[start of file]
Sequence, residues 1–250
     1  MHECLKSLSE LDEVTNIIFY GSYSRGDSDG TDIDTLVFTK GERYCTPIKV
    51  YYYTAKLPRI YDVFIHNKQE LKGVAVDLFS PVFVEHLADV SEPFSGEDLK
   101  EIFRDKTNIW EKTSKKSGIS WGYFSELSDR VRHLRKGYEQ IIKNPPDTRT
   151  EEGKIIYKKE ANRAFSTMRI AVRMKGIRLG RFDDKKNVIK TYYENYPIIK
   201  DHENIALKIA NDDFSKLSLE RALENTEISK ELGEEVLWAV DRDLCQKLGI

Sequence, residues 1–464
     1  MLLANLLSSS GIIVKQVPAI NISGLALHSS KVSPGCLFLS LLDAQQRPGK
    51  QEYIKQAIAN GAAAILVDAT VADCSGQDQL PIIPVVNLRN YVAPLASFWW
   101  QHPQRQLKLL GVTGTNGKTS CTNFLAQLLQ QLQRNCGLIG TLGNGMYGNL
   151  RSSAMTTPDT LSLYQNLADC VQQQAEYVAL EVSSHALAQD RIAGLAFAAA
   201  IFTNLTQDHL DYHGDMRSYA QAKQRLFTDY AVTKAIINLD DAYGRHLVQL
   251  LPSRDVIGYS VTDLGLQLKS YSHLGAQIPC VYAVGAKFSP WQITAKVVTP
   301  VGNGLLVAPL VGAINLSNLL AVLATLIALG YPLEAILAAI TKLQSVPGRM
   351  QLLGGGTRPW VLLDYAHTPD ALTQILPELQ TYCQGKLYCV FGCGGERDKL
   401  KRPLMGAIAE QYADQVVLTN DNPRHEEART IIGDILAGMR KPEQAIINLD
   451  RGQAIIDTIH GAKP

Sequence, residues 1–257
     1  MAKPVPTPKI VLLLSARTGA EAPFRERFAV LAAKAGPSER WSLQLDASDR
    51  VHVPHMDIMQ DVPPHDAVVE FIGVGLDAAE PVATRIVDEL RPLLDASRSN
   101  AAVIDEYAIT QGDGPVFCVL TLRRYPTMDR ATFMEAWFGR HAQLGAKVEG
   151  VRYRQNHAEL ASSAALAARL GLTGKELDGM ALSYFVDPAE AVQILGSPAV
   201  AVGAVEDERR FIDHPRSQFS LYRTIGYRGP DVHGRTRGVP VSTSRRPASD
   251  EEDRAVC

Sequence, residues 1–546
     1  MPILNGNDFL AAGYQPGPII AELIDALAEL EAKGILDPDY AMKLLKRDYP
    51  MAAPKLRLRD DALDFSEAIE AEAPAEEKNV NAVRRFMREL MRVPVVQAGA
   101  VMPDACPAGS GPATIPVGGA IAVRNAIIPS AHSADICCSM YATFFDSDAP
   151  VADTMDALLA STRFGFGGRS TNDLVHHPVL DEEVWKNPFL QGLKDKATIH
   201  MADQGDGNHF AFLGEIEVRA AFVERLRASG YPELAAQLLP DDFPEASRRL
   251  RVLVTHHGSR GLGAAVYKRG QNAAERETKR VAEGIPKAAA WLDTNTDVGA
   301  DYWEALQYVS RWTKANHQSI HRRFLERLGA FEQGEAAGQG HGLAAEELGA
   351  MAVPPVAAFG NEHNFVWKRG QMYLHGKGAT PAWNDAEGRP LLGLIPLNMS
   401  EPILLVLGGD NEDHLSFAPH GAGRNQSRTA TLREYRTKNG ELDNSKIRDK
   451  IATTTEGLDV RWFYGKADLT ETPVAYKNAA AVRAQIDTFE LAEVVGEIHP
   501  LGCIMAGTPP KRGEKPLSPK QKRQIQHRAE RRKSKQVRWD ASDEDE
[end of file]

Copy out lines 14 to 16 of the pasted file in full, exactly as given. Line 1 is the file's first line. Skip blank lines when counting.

   301  VGNGLLVAPL VGAINLSNLL AVLATLIALG YPLEAILAAI TKLQSVPGRM
   351  QLLGGGTRPW VLLDYAHTPD ALTQILPELQ TYCQGKLYCV FGCGGERDKL
   401  KRPLMGAIAE QYADQVVLTN DNPRHEEART IIGDILAGMR KPEQAIINLD